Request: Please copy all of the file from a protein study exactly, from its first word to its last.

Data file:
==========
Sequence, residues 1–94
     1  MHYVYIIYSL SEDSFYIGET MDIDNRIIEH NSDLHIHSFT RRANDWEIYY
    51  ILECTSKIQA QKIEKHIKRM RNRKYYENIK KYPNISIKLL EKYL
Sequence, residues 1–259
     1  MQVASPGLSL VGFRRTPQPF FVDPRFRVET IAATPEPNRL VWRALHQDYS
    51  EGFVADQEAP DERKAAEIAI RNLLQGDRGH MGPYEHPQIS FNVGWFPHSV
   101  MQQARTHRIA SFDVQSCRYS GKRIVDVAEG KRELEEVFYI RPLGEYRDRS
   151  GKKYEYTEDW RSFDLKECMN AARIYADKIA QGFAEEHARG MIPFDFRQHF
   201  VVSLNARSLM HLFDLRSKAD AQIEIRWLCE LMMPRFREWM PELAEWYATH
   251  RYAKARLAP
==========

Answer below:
Sequence, residues 1–94
     1  MHYVYIIYSL SEDSFYIGET MDIDNRIIEH NSDLHIHSFT RRANDWEIYY
    51  ILECTSKIQA QKIEKHIKRM RNRKYYENIK KYPNISIKLL EKYL
Sequence, residues 1–259
     1  MQVASPGLSL VGFRRTPQPF FVDPRFRVET IAATPEPNRL VWRALHQDYS
    51  EGFVADQEAP DERKAAEIAI RNLLQGDRGH MGPYEHPQIS FNVGWFPHSV
   101  MQQARTHRIA SFDVQSCRYS GKRIVDVAEG KRELEEVFYI RPLGEYRDRS
   151  GKKYEYTEDW RSFDLKECMN AARIYADKIA QGFAEEHARG MIPFDFRQHF
   201  VVSLNARSLM HLFDLRSKAD AQIEIRWLCE LMMPRFREWM PELAEWYATH
   251  RYAKARLAP